Workstations for reviews (young learners)

I saw my boss use a simple workstation activity during a peer observation. It was a really good way to prepare students for their final task. I often include a quick 10-15 minute workstation activity in my YL classes now. Here’s an example from the other day.

The task was for my teens to produce a doctor/patient dialogue. During the lesson we reviewed vocabulary for illnesses, listened to a model conversation, identified important language (e.g. giving advice), and so on. As a pre-task students worked in groups of 4 and completed a short review task at various stations around the room:

workstation1

At station 1 students listed target language or other useful phrases that might help them when writing their dialogues.

workstation2

At station 2 students reviewed a dialogue from the lesson. They put the dialogue in the correct order and practiced reading it (text from Beyond A2+ published by Macmillan).

workstation3

Note: thanks to Rabia Ahmad who pointed out the spelling error in the above dialogue!

At station 3 students practised saying chunks of language, with a focus on how they sound in connected speech. During the activities this was the station I monitored as students required clear modelling of each phrase. On reflection, using a pronunciation task at one of the stations was problematic (classroom management-wise) but still useful.

At station 4 (the interactive whiteboard) students reviewed useful vocabulary by playing a game on Quizlet.

I could have used various different tasks during the workstations. The review game proved to be a bit of a distraction on a couple of occasions, but it was a fun feature to include. The activity at station 1 was probably the most useful as students had some good ideas to refer to while creating their dialogues.

Learning points

  • During the CELTA YL extension course we had an input session on workstations. Most of the workstation tasks seemed much longer or more substantial. However, there’s no reason why workstations can’t just be a short and snappy way to review learning and provide a change in classroom dynamic.

If you want to try something like this…

  • If you use the same set up then make sure each task is ‘stand-alone’. You can’t have one task as a prerequisite for another in the way I’ve arranged it here, but you could make some tweaks if you want that to happen.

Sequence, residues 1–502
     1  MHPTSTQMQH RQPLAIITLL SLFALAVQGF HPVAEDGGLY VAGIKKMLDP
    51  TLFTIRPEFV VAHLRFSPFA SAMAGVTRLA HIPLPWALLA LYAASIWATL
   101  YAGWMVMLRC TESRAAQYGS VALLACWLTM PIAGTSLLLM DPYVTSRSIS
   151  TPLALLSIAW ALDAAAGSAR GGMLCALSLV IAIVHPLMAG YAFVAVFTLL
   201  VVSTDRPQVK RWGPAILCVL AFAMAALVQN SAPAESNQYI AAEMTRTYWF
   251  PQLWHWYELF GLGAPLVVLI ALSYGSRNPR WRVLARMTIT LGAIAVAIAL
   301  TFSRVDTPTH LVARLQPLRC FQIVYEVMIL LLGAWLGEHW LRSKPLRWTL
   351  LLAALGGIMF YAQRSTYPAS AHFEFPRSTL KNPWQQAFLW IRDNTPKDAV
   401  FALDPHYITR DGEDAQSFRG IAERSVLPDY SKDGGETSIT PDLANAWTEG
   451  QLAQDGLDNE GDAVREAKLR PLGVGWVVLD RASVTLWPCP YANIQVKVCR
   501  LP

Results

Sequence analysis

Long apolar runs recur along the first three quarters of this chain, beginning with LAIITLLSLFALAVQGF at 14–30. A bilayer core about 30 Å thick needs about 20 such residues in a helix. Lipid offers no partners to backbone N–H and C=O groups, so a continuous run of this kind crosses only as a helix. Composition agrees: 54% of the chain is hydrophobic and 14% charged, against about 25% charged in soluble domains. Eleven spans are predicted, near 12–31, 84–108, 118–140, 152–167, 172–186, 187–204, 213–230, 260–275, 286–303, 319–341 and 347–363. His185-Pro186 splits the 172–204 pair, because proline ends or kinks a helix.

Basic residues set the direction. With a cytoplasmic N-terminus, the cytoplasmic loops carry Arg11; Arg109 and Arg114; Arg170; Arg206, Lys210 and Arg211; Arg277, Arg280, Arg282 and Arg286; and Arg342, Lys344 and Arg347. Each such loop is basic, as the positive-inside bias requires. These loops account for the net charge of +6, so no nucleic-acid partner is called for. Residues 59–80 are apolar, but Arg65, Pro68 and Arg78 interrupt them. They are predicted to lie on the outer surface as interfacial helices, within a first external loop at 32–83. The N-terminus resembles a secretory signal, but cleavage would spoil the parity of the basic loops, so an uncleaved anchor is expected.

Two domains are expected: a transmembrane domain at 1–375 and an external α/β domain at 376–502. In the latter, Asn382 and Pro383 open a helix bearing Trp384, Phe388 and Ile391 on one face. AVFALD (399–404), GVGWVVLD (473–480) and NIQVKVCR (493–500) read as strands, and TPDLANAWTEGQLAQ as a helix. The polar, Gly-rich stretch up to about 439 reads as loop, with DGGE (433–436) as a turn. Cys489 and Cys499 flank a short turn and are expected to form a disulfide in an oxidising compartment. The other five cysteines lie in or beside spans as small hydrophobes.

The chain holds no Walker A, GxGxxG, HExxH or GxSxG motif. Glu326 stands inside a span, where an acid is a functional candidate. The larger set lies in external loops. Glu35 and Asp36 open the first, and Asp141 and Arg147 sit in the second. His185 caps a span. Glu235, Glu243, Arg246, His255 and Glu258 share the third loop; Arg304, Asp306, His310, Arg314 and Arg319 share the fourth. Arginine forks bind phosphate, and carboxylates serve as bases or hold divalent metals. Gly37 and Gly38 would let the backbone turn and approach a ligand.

Feature image: Puzzle by Davo Sime from the Noun Project

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5 comments

  1. I like the idea of using workstations for reviews with stand alone activities. Do you plan for all students to work at each station in one class?

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    1. Hey Lisa. Yeah, I normally put the students in pairs or groups to complete each task (rotating to diff stations), depending on how big the class is. I’d probably include one or two more activities if I felt the class were too big and certain students were dominating. As for time limits… when I’ve done this review activity I keep things fairly short and sweet – say five minutes at each station. As you can imagine though, student need some encouragement to extend tasks at certain stations, and they can get off task if things go on to early – you’re relying on them to buy into the tasks a bit. It’s hard to think of tasks that should roughly task the same amount of time – like arranging a dialogue and practising it is quite long compared to playing a quick fire vocab game… bit of a challenge. Do you use workstations much? Any views on them ?

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      1. I haven’t used workstations Peter, although I have been doing a lot of cooperative learning tasks in class recently. The difference however is that all the class are doing the same task. I like the idea of rotating and doing different tasks however. I think it could work well with my teens who have a short attention span. Like you say the activtities have to be well thought out, timing is an obvious difficulty… Will definitely give it a go though.

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